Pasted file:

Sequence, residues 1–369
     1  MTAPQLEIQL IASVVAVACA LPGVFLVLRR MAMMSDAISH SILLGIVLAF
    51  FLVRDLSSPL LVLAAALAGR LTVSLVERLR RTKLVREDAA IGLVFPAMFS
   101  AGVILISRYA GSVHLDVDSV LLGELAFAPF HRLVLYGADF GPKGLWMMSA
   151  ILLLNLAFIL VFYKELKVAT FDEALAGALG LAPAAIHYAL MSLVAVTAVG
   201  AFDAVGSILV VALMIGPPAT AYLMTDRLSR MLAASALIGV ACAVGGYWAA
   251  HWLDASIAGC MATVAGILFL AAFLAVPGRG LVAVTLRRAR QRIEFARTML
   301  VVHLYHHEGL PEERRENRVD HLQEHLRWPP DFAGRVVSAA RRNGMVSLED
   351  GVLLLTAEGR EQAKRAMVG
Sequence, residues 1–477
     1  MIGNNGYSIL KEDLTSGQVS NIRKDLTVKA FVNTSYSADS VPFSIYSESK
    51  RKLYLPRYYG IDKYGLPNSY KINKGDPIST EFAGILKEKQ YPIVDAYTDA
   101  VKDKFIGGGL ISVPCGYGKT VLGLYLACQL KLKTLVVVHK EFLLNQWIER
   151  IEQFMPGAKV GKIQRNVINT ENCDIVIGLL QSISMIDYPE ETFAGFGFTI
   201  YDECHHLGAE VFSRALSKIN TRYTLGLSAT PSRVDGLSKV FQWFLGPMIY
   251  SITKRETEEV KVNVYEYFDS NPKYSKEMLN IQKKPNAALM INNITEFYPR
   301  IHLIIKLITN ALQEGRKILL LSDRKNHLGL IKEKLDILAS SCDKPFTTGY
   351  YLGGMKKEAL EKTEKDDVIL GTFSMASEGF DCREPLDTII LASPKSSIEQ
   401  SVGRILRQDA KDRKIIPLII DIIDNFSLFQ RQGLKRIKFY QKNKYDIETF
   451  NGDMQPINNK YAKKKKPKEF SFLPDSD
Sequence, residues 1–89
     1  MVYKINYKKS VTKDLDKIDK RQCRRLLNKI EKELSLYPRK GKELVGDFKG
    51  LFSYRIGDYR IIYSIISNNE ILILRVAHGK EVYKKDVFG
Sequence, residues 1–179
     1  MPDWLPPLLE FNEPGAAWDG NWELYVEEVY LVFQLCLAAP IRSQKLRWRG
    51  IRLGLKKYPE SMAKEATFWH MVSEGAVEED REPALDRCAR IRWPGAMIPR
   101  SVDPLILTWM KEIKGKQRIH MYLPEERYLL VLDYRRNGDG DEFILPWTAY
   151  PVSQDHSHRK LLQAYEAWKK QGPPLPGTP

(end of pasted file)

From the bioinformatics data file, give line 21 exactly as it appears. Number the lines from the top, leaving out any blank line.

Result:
Sequence, residues 1–89